Sam Harris, in a recent blog post, relays a bit of research documenting the harmful effects of wood smoke. He then compares the unwillingness of wood-burning fireplace fans to accept the scientific evidence as tantamount to religious belief, and thinks that even libertarians should support a ban on the burning of wood in the home.

I think Harris is overreacting here. We are exposed to lots of harmful things: the nitrate preservatives in packaged meats, the salmonella bacteria in poultry, the radioactive radon gas in our homes; the list goes on. But none of these things is harmful in small enough quantities. We have good reason to be skeptical whether the occasional fire constitutes a public menace.

Why?

The body’s response to exposure to airborne particulates by inhalation (or ingestion of toxins in food, etc.) is usually modeled mathematically as a dose-response relationship. In other words, occasionally inhaling a small quantity of airborne particulates has no measurable biological impact — no harm to you. The risk of harm goes up in a non-linear way with both the amount and frequency of exposure, depicted graphically as an ‘S’- shaped curve.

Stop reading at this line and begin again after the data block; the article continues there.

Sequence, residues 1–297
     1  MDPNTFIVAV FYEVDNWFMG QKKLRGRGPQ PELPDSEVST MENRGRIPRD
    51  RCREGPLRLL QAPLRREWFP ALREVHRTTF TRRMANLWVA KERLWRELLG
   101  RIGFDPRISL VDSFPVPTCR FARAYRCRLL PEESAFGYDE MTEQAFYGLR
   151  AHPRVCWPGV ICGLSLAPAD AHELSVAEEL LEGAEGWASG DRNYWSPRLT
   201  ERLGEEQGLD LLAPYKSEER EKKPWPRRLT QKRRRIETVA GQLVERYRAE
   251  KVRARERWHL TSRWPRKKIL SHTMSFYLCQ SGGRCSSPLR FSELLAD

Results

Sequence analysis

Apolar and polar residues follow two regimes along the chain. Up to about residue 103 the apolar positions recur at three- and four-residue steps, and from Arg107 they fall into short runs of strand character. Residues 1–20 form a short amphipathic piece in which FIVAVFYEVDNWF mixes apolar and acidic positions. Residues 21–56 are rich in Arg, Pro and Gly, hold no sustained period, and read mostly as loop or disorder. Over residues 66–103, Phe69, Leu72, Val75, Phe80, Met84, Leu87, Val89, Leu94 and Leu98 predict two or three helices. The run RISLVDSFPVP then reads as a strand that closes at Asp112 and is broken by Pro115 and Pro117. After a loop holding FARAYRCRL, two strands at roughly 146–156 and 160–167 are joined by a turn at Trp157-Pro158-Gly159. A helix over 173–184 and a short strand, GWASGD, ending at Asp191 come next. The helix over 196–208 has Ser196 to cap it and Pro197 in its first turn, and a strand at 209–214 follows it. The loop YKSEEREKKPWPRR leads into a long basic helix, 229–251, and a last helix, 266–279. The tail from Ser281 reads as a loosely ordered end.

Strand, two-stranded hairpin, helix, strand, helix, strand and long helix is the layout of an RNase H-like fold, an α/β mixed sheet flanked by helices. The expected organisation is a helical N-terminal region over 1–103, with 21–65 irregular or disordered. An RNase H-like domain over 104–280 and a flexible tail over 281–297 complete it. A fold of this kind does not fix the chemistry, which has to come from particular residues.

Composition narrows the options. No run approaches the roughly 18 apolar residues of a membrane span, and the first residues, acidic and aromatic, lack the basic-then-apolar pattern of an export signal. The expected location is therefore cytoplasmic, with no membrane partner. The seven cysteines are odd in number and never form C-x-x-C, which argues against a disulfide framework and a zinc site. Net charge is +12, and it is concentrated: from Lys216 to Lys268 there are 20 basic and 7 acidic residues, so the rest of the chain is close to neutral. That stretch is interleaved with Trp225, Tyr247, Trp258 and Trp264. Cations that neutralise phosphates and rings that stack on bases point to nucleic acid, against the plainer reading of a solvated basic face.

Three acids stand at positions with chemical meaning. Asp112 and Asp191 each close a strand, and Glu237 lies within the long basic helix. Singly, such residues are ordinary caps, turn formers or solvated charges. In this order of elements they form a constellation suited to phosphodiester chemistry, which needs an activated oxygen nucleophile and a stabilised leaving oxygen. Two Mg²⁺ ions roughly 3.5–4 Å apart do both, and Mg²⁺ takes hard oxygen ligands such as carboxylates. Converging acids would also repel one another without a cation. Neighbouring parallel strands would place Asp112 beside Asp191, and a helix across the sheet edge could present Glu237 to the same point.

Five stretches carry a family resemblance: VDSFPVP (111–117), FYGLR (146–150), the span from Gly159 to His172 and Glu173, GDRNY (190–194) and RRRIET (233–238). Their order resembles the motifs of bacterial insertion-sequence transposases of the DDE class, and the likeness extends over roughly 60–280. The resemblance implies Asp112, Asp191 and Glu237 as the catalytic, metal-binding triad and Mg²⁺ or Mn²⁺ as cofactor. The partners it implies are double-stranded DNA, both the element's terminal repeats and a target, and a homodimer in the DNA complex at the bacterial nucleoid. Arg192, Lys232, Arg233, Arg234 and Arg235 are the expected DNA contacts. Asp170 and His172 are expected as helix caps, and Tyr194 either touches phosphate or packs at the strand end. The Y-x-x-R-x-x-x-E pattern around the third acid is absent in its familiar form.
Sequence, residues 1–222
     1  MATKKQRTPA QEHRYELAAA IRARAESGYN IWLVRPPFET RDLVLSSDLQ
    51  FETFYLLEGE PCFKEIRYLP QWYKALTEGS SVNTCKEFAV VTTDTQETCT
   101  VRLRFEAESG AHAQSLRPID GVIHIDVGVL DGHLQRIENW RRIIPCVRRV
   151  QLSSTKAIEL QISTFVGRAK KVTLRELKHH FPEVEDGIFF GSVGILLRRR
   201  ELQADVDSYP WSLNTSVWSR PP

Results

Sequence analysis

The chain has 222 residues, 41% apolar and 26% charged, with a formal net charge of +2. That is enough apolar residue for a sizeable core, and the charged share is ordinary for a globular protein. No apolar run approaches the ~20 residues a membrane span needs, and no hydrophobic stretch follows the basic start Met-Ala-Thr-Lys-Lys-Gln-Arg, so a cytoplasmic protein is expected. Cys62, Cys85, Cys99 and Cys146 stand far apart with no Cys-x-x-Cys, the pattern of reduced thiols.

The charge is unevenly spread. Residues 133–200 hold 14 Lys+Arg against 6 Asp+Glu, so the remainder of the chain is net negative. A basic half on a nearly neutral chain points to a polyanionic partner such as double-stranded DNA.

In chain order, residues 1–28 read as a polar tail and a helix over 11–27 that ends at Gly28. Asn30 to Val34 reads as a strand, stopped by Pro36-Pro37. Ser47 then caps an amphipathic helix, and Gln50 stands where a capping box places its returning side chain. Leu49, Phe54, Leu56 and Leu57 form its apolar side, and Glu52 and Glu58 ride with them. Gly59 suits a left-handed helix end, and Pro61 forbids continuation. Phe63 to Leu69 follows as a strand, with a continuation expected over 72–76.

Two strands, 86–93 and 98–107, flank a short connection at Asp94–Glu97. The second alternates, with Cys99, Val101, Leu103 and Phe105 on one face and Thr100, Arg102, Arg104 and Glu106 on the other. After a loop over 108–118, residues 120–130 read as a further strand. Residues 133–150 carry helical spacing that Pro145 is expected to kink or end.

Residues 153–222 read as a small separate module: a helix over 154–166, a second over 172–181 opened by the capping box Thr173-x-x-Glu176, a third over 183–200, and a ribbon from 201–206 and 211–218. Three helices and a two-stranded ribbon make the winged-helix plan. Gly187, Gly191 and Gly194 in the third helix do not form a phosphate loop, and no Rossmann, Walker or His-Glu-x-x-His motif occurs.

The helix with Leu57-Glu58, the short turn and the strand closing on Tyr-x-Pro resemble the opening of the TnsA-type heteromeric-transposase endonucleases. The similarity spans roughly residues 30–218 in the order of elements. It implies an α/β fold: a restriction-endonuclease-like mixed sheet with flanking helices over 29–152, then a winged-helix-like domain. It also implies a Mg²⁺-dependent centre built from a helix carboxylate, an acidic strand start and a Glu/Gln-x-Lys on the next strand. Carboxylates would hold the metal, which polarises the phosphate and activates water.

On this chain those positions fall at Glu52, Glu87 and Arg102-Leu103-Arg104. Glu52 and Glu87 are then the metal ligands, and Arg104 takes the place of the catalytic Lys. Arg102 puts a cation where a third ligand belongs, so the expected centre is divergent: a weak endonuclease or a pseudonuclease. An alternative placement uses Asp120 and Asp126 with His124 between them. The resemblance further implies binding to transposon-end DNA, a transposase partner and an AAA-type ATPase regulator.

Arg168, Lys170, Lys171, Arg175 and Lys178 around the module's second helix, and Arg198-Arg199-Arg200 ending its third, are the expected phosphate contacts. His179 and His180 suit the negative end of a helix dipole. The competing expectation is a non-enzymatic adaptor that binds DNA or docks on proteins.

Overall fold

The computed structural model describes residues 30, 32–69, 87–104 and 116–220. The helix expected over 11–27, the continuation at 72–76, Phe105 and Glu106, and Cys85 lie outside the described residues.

Harris writes as if any level of exposure to smoke from our fireplaces is cause for alarm. Is this true? Should the exposure-risk relationship should be modeled in a different (non-dose-dependent) way? Unfortunately, he does not report whether the paper he cites in his post delves into this crucial question.

What is a critically thinking recreational fireplace user to do with all this? I say: burn, baby burn — within reason.